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  1. #1

    I'm a newb, but what about putting the pad IN the bag

    I'm a complete newb to this hammock stuff. I just received an inexpensive hammock from Amazon yesterday. Thanks to Grand Trunk for having such a great little hammock for a guy to try at under 20 dollars.

    It's 32 degrees out, the skies are clear and there is a beautiful half moon tonight. The wind is cycling up and down through the trees. I spent the last 20 minutes getting situated in the Ultralight, with an Exped Synmat 7 pump and a 20 degree Ledge bag.

    The pad is VERY deflated -- from what I gathered from reading here it needs to be. After popping off of it over and over again while getting 'centered' I had the crazy idea to slide it INSIDE my sleeping bag.

    It works GREAT!

    It's right where I want it to be, I can feel warmth radiating from my backside, and it's not slipping/popping any more. ...and just now my dog came to visit, and is wanting to get in! DOWN BOY -- NO DOGS IN HAMMOCKS.

    I'm going to post this, close the lid, and settle in for a bit. See you guys in the morning. I'm still learning, but I can already see why you guys do this weird tree hangin' stuff.

    G'night John Boy.
    Are you a Grizzleman?

  2. #2
    Senior Member backpackingZombie's Avatar
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    I'd say that it's fine if it works for you

    There's no wrong or right way to accomplish your goal as long as you're comfortable and safe.

  3. #3
    Knotty's Avatar
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    Let us know how it goes. Like bZ said, if it works for you...

    If you're not familiar with them, Big Agnes sleeping bags do what you're proposing but in their case there's no insulation in the under side of the bag. Just a slot into which you slip a pad.
    Knotty
    "Don't speak unless it improves the silence." -proverb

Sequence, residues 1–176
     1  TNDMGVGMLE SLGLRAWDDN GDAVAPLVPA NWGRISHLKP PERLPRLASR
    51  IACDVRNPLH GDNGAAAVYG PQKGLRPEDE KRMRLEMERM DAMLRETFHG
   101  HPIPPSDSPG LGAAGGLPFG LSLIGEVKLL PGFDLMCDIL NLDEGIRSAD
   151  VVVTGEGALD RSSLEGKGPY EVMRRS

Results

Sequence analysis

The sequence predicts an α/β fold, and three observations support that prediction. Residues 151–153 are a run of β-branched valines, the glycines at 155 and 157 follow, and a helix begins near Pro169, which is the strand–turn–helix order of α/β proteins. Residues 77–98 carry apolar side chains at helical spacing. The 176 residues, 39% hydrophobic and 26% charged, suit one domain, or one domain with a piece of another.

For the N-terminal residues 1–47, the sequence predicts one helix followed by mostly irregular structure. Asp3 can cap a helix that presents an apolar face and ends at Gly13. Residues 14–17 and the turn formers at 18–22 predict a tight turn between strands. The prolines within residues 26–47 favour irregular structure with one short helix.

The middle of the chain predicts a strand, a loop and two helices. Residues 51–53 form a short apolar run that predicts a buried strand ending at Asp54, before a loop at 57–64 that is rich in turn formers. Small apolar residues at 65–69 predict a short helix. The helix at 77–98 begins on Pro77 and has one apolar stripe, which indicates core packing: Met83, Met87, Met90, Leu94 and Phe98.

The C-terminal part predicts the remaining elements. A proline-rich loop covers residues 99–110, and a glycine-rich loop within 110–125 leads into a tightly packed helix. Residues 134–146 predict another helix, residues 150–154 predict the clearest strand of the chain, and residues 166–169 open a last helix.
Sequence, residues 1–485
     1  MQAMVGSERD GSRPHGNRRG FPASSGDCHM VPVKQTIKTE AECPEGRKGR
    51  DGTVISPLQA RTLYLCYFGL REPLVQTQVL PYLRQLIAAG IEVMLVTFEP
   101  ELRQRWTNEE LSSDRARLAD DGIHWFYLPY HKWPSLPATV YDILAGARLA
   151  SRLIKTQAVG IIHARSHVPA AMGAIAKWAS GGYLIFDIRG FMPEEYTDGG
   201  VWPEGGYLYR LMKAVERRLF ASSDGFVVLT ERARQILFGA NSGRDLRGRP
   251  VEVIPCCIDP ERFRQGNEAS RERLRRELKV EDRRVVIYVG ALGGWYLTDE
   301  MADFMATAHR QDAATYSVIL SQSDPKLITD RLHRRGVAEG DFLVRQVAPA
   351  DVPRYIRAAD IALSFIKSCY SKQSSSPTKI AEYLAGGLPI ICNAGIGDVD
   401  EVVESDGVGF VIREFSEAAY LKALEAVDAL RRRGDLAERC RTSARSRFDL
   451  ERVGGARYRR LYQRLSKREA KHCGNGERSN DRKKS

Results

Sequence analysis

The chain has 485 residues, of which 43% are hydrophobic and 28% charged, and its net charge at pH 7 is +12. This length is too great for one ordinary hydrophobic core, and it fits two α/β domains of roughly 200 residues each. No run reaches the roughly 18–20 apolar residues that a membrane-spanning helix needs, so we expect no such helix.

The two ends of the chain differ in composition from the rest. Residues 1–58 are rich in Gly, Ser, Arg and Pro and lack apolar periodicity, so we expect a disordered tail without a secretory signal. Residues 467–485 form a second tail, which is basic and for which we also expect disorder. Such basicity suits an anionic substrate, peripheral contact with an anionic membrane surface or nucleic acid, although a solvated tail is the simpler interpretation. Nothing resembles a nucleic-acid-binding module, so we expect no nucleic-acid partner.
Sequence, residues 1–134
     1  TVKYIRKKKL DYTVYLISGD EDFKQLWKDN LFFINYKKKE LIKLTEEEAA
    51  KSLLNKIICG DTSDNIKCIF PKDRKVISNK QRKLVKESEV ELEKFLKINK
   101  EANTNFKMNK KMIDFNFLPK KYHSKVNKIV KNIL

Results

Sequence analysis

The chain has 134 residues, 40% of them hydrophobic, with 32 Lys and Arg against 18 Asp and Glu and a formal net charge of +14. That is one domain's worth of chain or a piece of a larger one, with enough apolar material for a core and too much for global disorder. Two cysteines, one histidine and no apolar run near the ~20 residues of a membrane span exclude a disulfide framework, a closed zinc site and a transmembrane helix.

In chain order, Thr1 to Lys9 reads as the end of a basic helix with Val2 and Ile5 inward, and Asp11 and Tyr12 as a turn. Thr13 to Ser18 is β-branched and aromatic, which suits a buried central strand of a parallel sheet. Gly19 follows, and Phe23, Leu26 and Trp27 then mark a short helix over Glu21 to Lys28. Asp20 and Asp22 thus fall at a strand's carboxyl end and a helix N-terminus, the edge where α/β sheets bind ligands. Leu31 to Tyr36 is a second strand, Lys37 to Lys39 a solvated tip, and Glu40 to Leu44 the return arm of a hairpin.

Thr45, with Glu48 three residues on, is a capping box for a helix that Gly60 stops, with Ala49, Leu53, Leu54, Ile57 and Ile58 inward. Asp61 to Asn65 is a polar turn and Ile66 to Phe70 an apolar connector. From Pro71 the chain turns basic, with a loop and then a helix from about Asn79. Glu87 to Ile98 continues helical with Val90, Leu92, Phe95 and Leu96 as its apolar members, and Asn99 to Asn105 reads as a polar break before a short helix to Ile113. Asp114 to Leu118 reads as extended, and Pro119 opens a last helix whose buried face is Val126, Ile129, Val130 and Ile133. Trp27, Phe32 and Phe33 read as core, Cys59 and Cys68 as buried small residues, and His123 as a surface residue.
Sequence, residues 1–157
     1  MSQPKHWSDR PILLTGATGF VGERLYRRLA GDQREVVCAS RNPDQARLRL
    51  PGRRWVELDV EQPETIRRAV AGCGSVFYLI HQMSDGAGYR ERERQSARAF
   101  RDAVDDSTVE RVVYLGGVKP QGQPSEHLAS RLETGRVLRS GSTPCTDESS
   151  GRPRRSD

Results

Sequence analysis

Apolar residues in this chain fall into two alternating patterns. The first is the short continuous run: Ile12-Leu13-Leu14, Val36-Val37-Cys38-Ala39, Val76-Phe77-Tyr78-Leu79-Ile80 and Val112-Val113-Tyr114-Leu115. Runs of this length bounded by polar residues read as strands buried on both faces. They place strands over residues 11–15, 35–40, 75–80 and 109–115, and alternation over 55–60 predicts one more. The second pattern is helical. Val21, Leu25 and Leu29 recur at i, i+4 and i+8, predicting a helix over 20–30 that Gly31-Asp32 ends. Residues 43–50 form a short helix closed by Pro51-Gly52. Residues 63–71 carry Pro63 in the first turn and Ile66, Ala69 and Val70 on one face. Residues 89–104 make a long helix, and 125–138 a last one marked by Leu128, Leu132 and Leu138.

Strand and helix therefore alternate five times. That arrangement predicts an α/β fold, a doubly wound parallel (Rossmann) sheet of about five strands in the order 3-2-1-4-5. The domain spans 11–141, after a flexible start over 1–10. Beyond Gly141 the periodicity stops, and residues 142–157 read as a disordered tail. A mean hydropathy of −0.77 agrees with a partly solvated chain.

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  4. #4
    Update. After about an hour, I could start to feel cold air under my butt and shoulders. Because I had to run the pad so deflated, all of the air got squished out from my heavier parts and ended up inflating the pad under my feet.

    That meant the insulation was squished as well.

    You hammock guys have this stuff figured out. I now know why you sell the underquilt idea so hard -- it can't get squished at all. A pad sleeve underneath the hammock is also an alternative. That would basically mean sewing something underneath to hold the pad in place?

    But other than the cold, the comfort was quite good. I will admit, the first time I got situated, closed my eyes I thought, "this rocking back and forth junk is going to get old." But after a couple of minutes, you stop the pendulum thing and are able to be still. Interestingly enough, I found that it gave me a sensation I've never really experienced before that I can remember. That feeling of rocking back and forth was a primal thing or something I can't quite put into words. Almost like a deep drunken slumber pulling on my consciousness to 'come and sleep'? Roll eyes into back of head sort of good feeling? I didn't like the feeling at first, and will admit being put off by it. After laying there a while, rocking, I came to really enjoy it.

    Suspension. Got to address the suspension. It's not super hard to make adjustments, but what they give you is a couple loops of rope, with overhand knots tied at different intervals to hook onto. You wrap the rope around a tree in a lark's head, hook to a knot on the dangling end. Adjusting means tying another overhand knot elsewhere on the rope. Lots of tying and untying of a knot that has been pulled TIGHT by having lots of weight on it.

    Thanks for the sounding board!
    Are you a Grizzleman?

  5. #5
    peanuts's Avatar
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    DOWN BOY -- NO DOGS IN HAMMOCKS.
    poor doggie, let him/her join u in the hammock!!!

    welcome!!
    Peanuts

    "A womans place is on the trail"

  6. #6
    Senior Member
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    Try a CCF pad in your bag. It won't compress anywhere, so will work well. Just $6 from WW.